Imputing Income to a Parent in Child Custody Cases
The matter of imputing income to a parent in a divorce case is one best described by the word discretion. The California family law courts have a wide discretion to decide cases of income imputing. The only thing that needs to be taken care of is the decision should bear resemblance to the actual facts and evidence of the case suggests.
Imputation of income in an Orange County divorce case occurs when one of the parents alleges that the other spouse can work but refuses to earn an income. The concept of imputation has been causing uncertainty for Orange County divorce lawyers for some time now. There are multiple decisions on similar facts that conflict with one another.
Courts Can Consider Earning Capacity Instead of Income
Simply put there have been cases where courts have assigned an imaginary income to the parent when deciding child support. This income will be based on their abilities, capacity and opportunity to earn income. This rule though can only be applied by the judges until and unless it is not conflicting with the best interest of the child.
There is no need for the court to hold the lack of work or refusal to work against the parent in bad faith. Family law courts will simply look at the ability and opportunity of the spouse to earn income and then impute income if they see fit.
Imputed Income is Not Restricted to Child Support Cases
Imputing an income is not a primarily child custody concept. Orange County family law courts can even look at the assets that are producing income and create a reasonable rate of return of it. If for example a particular investment is made such as in stock portfolio etc. that have a fixed rate of return the court will not dispute or second guess that value, speculating that it could have been or should have been higher.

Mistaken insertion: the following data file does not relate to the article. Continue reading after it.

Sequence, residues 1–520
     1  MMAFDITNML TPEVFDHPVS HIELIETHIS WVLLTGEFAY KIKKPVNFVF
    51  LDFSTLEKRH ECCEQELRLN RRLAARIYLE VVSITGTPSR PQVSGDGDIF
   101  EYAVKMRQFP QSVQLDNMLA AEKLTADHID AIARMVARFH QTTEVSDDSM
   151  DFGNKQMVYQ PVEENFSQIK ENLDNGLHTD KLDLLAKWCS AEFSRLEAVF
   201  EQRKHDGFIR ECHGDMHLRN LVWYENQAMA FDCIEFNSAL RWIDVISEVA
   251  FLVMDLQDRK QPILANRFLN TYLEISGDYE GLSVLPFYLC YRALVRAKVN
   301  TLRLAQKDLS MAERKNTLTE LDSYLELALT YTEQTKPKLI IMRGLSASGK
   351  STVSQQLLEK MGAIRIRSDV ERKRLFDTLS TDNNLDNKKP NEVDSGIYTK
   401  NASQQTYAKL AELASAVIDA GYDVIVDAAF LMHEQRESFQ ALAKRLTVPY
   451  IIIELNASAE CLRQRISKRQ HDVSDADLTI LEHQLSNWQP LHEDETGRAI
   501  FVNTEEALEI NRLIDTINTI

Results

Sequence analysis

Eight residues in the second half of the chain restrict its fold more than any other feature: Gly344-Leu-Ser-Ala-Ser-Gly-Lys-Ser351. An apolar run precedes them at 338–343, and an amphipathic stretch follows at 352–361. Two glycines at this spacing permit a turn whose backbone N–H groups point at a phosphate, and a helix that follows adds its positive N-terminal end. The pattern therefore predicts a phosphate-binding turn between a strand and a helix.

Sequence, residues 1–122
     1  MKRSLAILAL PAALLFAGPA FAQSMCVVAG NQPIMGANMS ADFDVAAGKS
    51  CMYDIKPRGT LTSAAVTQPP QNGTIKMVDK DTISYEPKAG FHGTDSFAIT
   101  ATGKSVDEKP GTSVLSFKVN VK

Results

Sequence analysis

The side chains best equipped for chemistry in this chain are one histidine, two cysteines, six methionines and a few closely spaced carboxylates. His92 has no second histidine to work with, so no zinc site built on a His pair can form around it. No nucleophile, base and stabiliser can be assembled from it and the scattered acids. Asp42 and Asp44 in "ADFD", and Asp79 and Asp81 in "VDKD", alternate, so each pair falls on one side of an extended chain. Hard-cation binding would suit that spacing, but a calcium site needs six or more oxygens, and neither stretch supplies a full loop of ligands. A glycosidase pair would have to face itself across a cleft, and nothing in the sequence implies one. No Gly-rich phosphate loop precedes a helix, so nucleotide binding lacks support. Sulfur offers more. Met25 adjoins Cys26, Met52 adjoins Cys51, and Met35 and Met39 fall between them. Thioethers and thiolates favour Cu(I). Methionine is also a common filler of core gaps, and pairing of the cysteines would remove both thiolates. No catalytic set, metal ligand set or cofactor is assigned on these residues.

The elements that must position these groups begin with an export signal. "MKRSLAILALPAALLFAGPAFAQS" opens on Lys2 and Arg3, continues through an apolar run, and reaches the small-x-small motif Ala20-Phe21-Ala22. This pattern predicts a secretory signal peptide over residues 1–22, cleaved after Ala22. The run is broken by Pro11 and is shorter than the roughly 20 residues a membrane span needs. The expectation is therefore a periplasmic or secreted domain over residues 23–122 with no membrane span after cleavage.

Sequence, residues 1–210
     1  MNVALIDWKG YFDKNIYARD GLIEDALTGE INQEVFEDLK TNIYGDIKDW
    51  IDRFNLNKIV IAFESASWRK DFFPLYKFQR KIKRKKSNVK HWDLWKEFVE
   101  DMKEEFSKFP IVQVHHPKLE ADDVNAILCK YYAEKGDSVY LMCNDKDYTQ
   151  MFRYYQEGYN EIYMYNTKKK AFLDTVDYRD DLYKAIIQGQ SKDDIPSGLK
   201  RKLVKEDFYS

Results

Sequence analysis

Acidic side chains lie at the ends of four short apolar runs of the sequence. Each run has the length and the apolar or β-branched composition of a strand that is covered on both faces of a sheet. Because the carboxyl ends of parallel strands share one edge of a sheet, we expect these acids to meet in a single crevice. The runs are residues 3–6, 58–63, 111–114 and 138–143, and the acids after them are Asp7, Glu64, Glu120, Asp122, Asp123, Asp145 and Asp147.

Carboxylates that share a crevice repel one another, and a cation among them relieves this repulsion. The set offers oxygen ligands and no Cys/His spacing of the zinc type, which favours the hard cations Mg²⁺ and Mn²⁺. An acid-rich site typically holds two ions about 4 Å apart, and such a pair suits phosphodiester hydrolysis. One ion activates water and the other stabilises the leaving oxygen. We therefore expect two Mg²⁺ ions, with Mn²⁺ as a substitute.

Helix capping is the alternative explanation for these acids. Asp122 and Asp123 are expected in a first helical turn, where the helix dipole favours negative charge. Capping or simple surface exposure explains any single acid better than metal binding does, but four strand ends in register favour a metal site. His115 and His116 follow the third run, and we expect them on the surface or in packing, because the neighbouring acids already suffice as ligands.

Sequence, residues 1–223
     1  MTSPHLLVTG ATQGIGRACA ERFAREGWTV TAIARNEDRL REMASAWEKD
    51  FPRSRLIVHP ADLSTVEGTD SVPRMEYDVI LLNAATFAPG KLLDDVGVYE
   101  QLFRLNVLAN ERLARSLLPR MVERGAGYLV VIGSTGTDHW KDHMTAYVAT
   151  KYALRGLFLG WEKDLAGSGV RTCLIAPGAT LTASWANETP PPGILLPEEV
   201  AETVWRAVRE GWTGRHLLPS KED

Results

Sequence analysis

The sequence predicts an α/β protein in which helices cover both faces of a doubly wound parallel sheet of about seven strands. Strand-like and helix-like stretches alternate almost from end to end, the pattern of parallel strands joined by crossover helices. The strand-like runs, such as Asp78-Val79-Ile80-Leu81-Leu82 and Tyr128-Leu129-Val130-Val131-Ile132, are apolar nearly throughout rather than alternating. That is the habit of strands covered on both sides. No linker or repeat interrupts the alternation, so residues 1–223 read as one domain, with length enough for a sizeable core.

Can The Court Impute An Income and Add It to What the Parent Already Earns?
The answer to the question is not as far as formal proceedings are concerned. In theory, imputation of an income is done in a divorce case instead of the actual income and not in addition to. When you add an imputed amount on top of what the parent actually earns, it would disturb the child support guidelines and result in one of the spouse getting a significant windfall. On the other hand, income such as return on investments can be added to the existing amount of income, because it is not related to the parent making an effort to be employed.
Have you ever considered whether or not where you live may make it more likely that you will experience divorce? What about your occupation? What about…all the other little bits…